Due to its natural properties, clay has the tendency to preclude or greatly slow down the movement of water through itself or through sedimentary deposits containing large proportions of clay.  This is known as low permeability (water moves through slowly).  Coarser sediments like sand and gravel have the tendency to transmit water faster (have high permeability) due to the larger size of the pore spaces between the sediment grains.  If these pore spaces become filled with silt or clay particles, as is the case with loams and tills, permeability is decreased.  Poorly sorted (mixed grain size) soils with high clay contents, such as some glacial till deposits, are less permeable than well sorted (uniform grain size) soils such as beech sands and gravels, from which clay was washed out into deeper waters during storms.

          Hydric soils form in areas where water accumulates for any significant amount of time during the year.  Standing water has the tendency to seal out oxygen such that only plant species uniquely adapted to survive in anoxic (low oxygen) soil environments can flourish.  Low oxygen environments are acidic/reducing (as opposed to basic/oxidizing) and tend to favor the accumulation of organic materials (humus, muck, peat) and the leaching (dissolution and migration) of nutrients such as iron, manganese, and calcium carbonate (limestone) from the soil.  These nutrients percolate downward very slowly and precipitate (crystallize out of solution) in soil layers where the acidity is lower.  This explains the presence of iron/manganese nodules and the absence of calcium carbonate that were encountered in some of the wetland soils during the Site Wetlands Investigation.

          When water fills the pore spaces between soil particles and covers the soil surface, the rate that oxygen diffuses through the soil is drastically reduced.  Diffusion of oxygen through water-logged soils (wetlands) has been shown to be 10,000 times slower than oxygen diffusion through porous media such as well drained soils (Gambrel & Patrick, 1978).  Oxygen depletion in saturated soils takes place within several hours to several days after inundation begins, depending on the oxygen demands of the organisms and chemical compounds in the soil.

          The resulting lack of oxygen prevents plants from carrying out normal aerobic (oxygenated) root respiration and also affects the availability and abundance of both nutrients and metabolic toxins in the soil.  Thus, ferric iron (+3) which normally imparts a reddish-brown color to oxidized soils, becomes reduced (gives up oxygen).  The reduced sediments, dominated by ferrous iron (+2) sulfide (FeS) are often bluish gray to black in color (gleyed) and emit the odor of rotten eggs (hydrogen sulfide) when disturbed.  In addition to the other hydric soil indicators and parameters discussed in the Methodology Section above, gleying and sulfurous odors were used as field indicators to aid in distinguishing between wetland and upland soils during the Site Wetlands Investigation.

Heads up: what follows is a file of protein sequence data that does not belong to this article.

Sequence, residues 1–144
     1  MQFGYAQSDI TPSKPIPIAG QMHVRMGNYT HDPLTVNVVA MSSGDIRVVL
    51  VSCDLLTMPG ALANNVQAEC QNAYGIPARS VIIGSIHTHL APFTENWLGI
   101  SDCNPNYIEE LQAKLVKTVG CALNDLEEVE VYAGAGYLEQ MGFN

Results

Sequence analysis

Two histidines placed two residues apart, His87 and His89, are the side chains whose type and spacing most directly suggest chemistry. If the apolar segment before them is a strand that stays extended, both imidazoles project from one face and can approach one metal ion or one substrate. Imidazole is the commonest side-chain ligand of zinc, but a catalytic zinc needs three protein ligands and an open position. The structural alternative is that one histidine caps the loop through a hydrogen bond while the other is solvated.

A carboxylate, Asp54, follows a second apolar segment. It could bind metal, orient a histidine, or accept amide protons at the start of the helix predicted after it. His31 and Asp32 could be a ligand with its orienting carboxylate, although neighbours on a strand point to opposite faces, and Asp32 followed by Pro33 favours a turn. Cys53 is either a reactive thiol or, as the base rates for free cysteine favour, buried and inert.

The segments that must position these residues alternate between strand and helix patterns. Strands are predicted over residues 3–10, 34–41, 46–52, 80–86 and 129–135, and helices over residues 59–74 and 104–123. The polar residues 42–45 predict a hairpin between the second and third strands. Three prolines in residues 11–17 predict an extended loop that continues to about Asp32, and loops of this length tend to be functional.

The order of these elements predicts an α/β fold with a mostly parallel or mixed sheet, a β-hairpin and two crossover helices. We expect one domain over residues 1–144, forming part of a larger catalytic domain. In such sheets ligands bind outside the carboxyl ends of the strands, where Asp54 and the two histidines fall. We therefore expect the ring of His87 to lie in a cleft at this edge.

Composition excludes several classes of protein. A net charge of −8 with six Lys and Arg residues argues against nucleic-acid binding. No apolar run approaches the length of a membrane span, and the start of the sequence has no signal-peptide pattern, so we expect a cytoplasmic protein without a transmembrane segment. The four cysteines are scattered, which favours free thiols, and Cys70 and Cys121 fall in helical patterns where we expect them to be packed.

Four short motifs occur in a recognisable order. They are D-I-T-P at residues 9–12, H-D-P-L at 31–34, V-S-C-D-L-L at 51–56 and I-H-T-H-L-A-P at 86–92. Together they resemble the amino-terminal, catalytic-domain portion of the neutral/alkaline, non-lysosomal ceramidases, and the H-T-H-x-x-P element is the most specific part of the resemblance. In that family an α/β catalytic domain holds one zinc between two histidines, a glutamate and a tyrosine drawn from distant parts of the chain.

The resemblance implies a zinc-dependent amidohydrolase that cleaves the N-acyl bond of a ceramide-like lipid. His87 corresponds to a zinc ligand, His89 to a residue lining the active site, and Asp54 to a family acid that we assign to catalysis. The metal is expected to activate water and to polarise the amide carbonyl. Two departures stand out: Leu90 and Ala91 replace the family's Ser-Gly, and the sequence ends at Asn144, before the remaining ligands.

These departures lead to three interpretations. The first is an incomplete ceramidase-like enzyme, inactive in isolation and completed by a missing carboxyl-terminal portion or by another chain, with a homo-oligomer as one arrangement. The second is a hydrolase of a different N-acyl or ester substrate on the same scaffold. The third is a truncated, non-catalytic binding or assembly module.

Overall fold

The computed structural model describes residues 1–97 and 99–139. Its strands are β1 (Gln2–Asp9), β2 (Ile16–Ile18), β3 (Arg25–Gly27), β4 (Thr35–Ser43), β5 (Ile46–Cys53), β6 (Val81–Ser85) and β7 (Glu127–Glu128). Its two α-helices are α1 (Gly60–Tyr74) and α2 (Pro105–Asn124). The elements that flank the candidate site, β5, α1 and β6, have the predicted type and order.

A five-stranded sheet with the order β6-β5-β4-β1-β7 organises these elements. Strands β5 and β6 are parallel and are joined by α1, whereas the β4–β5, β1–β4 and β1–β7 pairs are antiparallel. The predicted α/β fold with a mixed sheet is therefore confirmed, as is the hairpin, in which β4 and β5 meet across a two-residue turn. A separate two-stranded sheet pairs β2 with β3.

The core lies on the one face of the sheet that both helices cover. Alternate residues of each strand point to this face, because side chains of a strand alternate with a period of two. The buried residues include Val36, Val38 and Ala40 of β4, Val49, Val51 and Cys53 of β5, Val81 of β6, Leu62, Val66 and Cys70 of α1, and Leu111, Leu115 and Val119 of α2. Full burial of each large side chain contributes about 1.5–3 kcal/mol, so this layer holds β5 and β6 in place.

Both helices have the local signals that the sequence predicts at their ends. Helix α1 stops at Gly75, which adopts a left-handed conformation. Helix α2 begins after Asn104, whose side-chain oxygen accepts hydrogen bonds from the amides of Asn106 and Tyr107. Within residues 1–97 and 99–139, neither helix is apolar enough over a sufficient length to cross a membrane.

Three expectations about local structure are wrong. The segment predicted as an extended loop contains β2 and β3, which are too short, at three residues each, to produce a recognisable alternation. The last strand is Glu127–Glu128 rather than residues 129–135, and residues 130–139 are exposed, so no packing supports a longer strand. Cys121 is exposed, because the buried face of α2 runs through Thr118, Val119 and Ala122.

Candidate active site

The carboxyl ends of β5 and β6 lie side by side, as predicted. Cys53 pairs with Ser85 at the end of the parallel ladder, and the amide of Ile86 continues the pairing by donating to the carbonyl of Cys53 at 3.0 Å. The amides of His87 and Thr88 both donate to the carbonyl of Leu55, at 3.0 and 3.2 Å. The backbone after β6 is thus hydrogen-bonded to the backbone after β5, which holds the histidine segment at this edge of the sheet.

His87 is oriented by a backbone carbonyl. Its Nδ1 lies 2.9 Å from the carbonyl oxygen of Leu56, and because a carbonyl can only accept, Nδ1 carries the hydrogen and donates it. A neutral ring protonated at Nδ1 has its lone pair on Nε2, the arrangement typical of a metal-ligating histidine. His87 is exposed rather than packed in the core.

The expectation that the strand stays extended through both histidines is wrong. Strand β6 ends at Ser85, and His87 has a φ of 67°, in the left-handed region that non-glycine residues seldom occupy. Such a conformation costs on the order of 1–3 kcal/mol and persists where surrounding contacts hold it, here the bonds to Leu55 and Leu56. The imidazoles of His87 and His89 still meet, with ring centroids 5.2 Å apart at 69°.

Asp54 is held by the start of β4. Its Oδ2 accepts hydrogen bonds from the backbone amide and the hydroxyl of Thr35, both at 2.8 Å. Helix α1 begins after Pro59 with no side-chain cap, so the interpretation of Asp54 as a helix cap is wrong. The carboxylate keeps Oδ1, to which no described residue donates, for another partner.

Wetlands which are lower than their surroundings, as is usually the case and is the case at the Project Site, are subjected to surface water inflows of several types. Overland flow is a non-channelized sheet flow that usually occurs during and immediately following a rainfall or spring thaw.  This type of flow is classically exemplified over much of the site where surface waters flow down gradient (westward) across the site and from the site into streams which exit to the west of the site along the Gas Pipeline which marks the west site boundary.

          If a wetland is influenced by a drainage basin, channelized streamflow may enter and exit the wetland during most or all of the year (Mitsch & Gosselink, 1986). This portion of Hamburg and Eden is influenced greatly by the Eighteen Mile Creek Drainage Basin… into which surface water from much of the area flows.  In addition to serving as a receiving system for surface water inflow from the site, the wetlands at the site serve to drain other properties adjacent to the site.  Thus, in addition to the legality of keeping these wetlands intact, it serves as a means of removing storm water runoff for a large area both including and surrounding the site.